Universal Design for Learning (UDL)
This resource was created for educators to build lesson plans and tag them with UDL frameworks and checkpoints. It is a useful tool for preservice and inservice teachers, especially the “Model Lesson Plans” section. This is an older website (2006) and some of the features are not working properly, but it remains useful.
This resource is a peer-reviewed journal article investigating how to better support middle school students with learning disabilities in the writing process using digital writing tools like Writer’s Key. This is a great resource for teachers looking to implement new tools in their writing lessons. The article does require institutional access or rental to view it. [Citation: Vue G, Hall TE, Robinson K, Ganley P, Elizalde E, Graham S. Informing Understanding of Young Students’ Writing Challenges and Opportunities: Insights From the Development of a Digital Writing Tool That Supports Students With Learning Disabilities. Learning Disability Quarterly. 2016;39(2):83-94. doi:10.1177/0731948715604571]
This free six module, self-directed course is intended for new and experienced educators looking to implement UDL into their classroom. It offers reflective questions, video instruction, and additional resources at the end of each module. The course is supported by the British Columbia Ministry of Education, Inclusive Education/Learning Division.
This is a free, online textbook that provides a good introduction to UDL for educators and professionals. Be ready to create your free account and activate your e-book. Then, you are able to read, highlight, add notes, and watch embedded videos. The book is also available for purchase in hard copy. [Citation: Meyer, A., Rose, D. H., & Gordon, D. (2014). Universal design for learning: Theory and practice. Wakefield, MA: CAST.]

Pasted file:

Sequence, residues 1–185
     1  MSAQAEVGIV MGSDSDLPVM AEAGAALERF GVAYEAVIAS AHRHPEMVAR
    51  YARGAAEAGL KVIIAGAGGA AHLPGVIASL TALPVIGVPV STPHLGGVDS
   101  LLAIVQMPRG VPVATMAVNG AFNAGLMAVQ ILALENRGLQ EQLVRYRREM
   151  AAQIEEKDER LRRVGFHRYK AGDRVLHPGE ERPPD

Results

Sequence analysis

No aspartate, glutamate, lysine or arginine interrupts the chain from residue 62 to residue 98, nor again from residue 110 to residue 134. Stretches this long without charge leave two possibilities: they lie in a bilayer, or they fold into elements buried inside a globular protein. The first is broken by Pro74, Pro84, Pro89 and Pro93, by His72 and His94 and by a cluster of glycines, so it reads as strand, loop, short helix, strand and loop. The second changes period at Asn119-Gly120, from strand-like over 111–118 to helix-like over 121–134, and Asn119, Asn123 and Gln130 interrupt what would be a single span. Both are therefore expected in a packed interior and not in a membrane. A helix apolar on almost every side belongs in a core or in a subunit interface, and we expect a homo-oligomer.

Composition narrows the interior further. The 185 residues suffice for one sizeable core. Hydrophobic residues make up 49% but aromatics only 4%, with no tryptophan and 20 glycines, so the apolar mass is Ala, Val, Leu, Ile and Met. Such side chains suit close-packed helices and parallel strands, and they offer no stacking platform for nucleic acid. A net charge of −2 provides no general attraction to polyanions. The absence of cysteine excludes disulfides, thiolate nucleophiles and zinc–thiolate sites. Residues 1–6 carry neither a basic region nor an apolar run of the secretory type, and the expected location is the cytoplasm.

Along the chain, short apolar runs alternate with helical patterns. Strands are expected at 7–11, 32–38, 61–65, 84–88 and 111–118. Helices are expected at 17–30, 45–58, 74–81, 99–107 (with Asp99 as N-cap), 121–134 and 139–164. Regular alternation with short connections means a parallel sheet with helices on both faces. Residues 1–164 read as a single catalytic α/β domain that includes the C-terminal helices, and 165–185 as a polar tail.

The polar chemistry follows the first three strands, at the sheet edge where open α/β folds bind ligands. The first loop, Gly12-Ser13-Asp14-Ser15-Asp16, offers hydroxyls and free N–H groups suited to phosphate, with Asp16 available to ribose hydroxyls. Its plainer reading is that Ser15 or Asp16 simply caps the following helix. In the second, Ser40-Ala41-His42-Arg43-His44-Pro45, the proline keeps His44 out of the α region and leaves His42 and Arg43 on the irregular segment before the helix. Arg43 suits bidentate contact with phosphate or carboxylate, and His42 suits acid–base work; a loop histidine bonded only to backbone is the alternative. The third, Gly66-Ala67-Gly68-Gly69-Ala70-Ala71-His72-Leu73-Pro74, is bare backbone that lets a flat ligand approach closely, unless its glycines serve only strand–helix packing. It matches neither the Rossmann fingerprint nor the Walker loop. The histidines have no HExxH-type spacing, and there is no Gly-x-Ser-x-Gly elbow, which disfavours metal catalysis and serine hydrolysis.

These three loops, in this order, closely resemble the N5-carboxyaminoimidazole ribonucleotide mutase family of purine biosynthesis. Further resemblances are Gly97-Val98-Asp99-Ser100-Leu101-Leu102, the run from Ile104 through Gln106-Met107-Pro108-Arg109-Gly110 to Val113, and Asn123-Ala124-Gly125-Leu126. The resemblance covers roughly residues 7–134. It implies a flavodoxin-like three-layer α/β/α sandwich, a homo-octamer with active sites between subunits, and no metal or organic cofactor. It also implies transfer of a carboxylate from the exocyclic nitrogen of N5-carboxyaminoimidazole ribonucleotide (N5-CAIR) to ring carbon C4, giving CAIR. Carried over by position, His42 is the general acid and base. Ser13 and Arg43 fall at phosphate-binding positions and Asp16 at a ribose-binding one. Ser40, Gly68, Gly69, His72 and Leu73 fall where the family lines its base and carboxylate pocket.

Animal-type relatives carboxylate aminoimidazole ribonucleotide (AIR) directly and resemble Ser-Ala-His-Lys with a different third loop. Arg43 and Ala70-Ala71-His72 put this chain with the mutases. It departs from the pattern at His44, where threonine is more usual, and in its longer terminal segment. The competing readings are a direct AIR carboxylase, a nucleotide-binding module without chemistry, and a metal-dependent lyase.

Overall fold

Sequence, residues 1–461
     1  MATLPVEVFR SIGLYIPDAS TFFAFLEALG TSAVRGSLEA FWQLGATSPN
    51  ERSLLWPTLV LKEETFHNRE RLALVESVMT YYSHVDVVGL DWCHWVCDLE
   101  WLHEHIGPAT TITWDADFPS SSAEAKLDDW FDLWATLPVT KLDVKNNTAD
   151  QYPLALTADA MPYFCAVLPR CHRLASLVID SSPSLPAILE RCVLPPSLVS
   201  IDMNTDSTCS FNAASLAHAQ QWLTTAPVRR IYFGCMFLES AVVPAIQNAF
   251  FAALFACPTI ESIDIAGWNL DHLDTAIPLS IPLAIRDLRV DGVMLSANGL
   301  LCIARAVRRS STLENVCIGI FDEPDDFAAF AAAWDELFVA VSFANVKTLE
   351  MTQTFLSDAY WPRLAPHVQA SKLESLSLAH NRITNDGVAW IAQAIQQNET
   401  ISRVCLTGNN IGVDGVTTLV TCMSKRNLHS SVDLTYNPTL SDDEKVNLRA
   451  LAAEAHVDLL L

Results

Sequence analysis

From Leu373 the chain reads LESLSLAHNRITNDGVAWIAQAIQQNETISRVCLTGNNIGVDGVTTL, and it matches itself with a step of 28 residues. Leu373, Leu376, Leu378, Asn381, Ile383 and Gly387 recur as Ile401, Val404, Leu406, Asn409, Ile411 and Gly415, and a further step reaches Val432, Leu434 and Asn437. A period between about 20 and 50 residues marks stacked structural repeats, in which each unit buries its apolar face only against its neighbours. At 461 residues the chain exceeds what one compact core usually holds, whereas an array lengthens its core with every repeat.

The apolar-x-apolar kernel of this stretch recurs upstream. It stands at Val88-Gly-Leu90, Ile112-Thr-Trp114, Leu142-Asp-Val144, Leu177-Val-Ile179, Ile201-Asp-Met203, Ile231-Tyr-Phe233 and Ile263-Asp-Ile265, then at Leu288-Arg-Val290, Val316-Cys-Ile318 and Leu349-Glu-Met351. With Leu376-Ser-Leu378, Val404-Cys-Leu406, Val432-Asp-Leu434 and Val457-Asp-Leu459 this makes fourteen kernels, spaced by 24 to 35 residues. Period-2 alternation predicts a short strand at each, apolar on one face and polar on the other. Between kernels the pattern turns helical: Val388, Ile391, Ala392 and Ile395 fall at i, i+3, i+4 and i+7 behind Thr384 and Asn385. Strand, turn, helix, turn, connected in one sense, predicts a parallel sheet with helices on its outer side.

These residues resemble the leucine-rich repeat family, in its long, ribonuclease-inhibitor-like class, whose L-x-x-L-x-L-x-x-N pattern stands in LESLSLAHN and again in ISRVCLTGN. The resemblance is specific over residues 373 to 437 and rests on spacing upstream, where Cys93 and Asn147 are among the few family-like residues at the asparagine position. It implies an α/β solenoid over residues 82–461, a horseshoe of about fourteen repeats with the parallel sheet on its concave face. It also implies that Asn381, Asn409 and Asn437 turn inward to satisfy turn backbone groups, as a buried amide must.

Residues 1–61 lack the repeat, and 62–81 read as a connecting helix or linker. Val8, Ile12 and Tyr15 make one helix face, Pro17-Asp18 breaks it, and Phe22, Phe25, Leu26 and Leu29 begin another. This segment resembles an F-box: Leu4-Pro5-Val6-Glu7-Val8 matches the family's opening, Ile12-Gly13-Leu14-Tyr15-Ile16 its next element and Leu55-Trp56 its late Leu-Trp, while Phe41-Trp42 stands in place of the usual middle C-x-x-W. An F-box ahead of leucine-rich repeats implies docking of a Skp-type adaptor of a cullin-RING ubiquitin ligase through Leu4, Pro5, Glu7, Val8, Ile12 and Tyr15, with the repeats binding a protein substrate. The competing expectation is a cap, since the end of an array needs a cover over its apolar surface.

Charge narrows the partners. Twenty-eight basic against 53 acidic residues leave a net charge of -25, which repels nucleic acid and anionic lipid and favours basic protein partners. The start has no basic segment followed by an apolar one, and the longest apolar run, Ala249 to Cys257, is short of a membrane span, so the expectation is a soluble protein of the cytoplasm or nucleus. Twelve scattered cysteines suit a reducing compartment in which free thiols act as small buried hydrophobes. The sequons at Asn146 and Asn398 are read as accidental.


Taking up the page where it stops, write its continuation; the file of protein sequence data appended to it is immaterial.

This is a brief, digestible article on the differences between UDL and the traditional classroom learning approach. It provides side-by-side examples, and it is a fantastic resource for new teachers or teachers looking to implement more UDL into their classroom.
This interactive math game is a free resource (with paid options) intended to increase student engagement with math and provide alternative learning methods. It is a unique tool for teachers to use in their classroom and parents to use at home to help children improve their math skills, and it is an example of UDL in the classroom. The tool has been independently reviewed by Johns Hopkins’ Center for Research and Reform in Education, which reported that increased use of the program was linked to significant improvements in math performance on standardized mathematics tests. The main critique of the program was that there is no time limit on customizations on the game.
“A Parent’s Guide to UDL” outlines the principles of UDL, how UDL is applied in the classroom, and how parents can best support their student with a learning disability. This resource effectively lays the foundation of UDL and is useful for parents to better understand how UDL functions in the classroom through various assessments with case study examples.
Here you can find five conversation starters that parents and caregivers can use to discuss teaching approaches and UDL with their children’s teachers. This resource is great for parents and caregivers wanting to know more about their child’s classroom environment and how to be an advocate for their child.
The Three-Block Model is a UDL technique intended to increase collaborative and inclusive learning by focusing on self-worth, belonging, cognitive challenge, and social learning. Peer-reviewed research has supported the efficacy of increasing engagement and inclusivity in the classroom through this model.